How to Clean Your Tires for Under 5 Bucks

Check out this pro tip for getting Porsche-grade sidewalls at Pontiac prices.

Professionally detailed tires

Larry Melvin, ASE master automotive technician and owner/instructor at C.A.R.S. Auto Maintenance School in McKinney, Texas, provides the following pro tip on to help you clean your tires.

To make the sidewalls of your tires look (almost) brand-new, walk right by those expensive tire cleaners at your local retailer and buy the cheapest container of DOT 3 brake fluid you can find.

You’ll also need a 12″ by 12″ rag (red shop rags work very well) and a sandwich bag.

  1. Fold the rag in quarters (giving it 4 layers allows it to better hold fluid and makes it a more precise applicator).
  2. Apply enough brake fluid to wet the surface of the folded rag.
  3. Polish the sidewalls of your tires until they shine.
  4. Put the rag in your baggie, and use it again next time.

If any brake fluid got on your wheels, simply wet a clean rag with water and wipe it off. Same goes for your hands: a little soap and water will do the trick.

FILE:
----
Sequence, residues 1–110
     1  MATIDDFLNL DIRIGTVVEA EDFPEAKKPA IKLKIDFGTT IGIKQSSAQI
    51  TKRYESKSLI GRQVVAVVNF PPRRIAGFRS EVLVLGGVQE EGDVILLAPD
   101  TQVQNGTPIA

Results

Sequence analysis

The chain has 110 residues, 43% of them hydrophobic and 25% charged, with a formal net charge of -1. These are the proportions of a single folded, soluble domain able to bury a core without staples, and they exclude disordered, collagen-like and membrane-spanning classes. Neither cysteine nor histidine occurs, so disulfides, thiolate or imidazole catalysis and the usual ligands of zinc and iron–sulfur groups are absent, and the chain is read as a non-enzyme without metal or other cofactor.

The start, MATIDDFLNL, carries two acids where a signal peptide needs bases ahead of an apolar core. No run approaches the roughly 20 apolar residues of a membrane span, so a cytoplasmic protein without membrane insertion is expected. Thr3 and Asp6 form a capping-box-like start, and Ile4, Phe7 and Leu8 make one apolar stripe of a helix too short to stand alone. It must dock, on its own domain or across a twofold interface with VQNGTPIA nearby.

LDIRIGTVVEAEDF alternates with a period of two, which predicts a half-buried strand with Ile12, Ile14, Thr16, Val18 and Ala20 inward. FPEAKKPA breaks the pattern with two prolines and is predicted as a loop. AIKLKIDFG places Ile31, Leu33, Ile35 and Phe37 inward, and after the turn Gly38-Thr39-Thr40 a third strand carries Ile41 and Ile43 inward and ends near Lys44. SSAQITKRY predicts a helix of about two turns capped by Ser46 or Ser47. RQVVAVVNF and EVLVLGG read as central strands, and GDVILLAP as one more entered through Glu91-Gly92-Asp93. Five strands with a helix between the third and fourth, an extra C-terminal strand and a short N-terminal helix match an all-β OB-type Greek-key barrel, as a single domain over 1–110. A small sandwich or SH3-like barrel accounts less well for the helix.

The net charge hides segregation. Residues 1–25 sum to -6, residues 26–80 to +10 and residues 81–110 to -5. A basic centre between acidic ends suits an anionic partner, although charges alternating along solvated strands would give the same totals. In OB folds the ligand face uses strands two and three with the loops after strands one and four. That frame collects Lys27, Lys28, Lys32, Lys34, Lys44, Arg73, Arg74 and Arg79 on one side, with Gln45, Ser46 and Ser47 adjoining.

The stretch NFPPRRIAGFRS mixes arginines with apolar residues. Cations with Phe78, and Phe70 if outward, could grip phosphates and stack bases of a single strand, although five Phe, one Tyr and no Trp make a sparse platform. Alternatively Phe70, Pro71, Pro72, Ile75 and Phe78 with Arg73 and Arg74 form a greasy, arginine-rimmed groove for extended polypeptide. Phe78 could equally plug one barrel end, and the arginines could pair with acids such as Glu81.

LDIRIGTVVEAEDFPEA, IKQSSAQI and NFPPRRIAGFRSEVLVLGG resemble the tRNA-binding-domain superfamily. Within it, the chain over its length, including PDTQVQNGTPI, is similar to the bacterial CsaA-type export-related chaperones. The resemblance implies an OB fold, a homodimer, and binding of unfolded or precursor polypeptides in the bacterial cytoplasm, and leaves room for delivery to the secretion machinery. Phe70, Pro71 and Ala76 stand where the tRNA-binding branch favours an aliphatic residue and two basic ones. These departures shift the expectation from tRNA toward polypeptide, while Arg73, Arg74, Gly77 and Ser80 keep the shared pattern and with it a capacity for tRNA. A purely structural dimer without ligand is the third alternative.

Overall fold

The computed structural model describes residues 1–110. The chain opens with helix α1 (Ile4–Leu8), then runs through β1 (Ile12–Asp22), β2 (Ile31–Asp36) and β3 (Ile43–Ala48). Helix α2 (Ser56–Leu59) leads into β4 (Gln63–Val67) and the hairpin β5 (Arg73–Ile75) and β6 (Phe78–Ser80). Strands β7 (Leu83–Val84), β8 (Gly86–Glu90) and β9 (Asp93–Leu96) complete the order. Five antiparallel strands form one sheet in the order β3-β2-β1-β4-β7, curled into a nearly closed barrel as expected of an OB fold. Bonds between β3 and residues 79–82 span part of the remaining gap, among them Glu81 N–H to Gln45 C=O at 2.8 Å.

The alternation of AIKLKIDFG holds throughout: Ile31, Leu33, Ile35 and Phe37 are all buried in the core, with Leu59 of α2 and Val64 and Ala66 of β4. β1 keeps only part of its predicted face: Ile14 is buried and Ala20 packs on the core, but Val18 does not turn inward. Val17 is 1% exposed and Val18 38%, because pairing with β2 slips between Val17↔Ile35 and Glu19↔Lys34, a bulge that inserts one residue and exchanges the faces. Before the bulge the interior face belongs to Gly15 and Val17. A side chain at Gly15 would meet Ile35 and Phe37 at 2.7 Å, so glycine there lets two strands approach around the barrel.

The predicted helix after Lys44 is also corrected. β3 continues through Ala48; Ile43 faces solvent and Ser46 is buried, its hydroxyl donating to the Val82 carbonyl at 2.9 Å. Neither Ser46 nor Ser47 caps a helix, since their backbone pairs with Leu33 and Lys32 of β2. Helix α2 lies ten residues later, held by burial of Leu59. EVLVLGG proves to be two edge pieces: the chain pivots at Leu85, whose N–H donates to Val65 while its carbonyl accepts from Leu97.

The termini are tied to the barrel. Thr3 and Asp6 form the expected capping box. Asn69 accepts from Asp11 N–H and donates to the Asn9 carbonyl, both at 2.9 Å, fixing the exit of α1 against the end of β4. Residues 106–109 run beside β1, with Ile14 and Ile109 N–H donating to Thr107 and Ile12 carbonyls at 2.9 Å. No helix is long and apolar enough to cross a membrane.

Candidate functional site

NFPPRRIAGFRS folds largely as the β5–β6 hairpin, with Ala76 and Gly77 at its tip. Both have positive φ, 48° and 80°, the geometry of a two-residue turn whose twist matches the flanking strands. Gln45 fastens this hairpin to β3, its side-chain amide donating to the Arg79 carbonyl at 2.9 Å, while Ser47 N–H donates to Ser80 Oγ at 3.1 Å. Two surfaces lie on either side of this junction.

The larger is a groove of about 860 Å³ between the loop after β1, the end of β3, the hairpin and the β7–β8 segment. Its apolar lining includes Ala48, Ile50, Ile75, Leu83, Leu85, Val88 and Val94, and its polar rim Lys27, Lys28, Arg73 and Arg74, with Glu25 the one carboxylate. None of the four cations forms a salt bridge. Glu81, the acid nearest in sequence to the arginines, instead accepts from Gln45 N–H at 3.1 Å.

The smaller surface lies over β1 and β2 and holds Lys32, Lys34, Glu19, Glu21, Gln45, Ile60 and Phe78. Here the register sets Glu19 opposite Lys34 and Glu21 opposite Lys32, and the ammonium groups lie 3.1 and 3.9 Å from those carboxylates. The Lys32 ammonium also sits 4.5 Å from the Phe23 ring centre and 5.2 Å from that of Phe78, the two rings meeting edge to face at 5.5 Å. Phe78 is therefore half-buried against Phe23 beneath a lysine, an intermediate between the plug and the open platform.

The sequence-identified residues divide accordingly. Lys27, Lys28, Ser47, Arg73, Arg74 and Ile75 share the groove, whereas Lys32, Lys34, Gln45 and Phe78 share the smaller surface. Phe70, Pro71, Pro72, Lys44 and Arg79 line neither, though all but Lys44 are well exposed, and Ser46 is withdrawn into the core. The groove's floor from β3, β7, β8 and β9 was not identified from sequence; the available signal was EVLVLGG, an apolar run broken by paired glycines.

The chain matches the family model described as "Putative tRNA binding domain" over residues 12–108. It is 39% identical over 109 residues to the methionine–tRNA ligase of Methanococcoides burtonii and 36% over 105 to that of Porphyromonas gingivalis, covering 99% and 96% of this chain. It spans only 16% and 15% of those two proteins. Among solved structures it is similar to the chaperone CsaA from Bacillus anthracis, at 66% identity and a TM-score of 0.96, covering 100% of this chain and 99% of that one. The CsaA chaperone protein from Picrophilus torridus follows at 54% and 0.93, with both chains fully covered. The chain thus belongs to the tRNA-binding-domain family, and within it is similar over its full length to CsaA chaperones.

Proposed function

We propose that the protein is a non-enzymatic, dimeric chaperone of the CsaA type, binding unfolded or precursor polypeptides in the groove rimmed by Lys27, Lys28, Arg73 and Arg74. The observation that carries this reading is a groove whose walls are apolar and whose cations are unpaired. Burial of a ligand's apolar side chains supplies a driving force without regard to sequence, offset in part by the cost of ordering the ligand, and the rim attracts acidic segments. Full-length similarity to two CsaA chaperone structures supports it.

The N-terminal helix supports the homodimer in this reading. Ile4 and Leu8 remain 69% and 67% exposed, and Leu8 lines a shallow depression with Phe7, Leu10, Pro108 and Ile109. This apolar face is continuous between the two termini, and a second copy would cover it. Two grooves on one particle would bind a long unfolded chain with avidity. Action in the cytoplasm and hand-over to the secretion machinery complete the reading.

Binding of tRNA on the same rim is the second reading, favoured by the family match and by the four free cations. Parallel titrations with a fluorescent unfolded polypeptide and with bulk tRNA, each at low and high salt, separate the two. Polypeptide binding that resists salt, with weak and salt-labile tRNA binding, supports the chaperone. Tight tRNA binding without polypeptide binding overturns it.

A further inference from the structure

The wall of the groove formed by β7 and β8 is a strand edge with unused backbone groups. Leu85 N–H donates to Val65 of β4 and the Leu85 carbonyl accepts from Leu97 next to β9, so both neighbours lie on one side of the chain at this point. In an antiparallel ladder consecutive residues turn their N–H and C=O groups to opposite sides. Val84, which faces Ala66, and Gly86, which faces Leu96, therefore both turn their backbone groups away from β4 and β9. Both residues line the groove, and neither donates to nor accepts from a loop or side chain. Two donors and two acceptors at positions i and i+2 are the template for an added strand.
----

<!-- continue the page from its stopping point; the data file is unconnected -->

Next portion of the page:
Brake fluid shines longer and is much less expensive than typical tire products. Use this pro tip for Porsche-grade sidewalls at Pontiac prices.

And to get the most out of your tires, make sure to keep up on your tire maintenance.

5 Responses to “How to Clean Your Tires for Under 5 Bucks”

  1. Avatar for Guest
    September 9, 2013 #

    Wait does this clean the tire or give it a shine like black magic?

  2. Avatar for Guest
    T. Mcgath
    September 18, 2013 #

    This is BAD advice! Brake fluid will strip paint! If you get brake fluid on the painted parts of the car, you can expect damage to the paint. Much more expensive to repair damaged paint!

  3. Avatar for Guest
    October 30, 2013 #

    Real bad idea! When driving down the road if any of the brake fluid flys off the tires onto a painted surface it will ruin your paint plus certain brake fluids will effect and possibly damage the rubber in your tires.

    • Avatar for Guest
      December 22, 2013 #

      Let it dry prior to driving to elevate posible paint damage. Rubber tires are much to tough to be compromised by any fluids used in standard US automobiles.

    • Avatar for Guest
      March 20, 2014 #

      Doubtful that the brake fluid will damage the rubber in your tires…remember, OEM flexible brake lines are made of rubber! ;-)

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